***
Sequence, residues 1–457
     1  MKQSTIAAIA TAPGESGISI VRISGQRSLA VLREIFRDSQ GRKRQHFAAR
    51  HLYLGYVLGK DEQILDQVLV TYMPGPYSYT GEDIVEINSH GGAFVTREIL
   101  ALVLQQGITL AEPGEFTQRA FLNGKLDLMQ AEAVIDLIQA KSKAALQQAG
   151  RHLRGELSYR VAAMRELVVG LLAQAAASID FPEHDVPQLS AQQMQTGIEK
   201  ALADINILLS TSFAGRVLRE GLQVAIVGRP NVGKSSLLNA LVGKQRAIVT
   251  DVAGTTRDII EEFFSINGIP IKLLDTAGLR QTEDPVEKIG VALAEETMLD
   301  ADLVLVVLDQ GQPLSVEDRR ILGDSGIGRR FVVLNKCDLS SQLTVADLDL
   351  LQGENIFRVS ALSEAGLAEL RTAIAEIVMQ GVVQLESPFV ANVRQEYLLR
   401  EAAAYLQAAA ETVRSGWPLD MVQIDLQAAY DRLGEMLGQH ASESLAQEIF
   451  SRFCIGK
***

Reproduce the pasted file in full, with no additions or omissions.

Sequence, residues 1–457
     1  MKQSTIAAIA TAPGESGISI VRISGQRSLA VLREIFRDSQ GRKRQHFAAR
    51  HLYLGYVLGK DEQILDQVLV TYMPGPYSYT GEDIVEINSH GGAFVTREIL
   101  ALVLQQGITL AEPGEFTQRA FLNGKLDLMQ AEAVIDLIQA KSKAALQQAG
   151  RHLRGELSYR VAAMRELVVG LLAQAAASID FPEHDVPQLS AQQMQTGIEK
   201  ALADINILLS TSFAGRVLRE GLQVAIVGRP NVGKSSLLNA LVGKQRAIVT
   251  DVAGTTRDII EEFFSINGIP IKLLDTAGLR QTEDPVEKIG VALAEETMLD
   301  ADLVLVVLDQ GQPLSVEDRR ILGDSGIGRR FVVLNKCDLS SQLTVADLDL
   351  LQGENIFRVS ALSEAGLAEL RTAIAEIVMQ GVVQLESPFV ANVRQEYLLR
   401  EAAAYLQAAA ETVRSGWPLD MVQIDLQAAY DRLGEMLGQH ASESLAQEIF
   451  SRFCIGK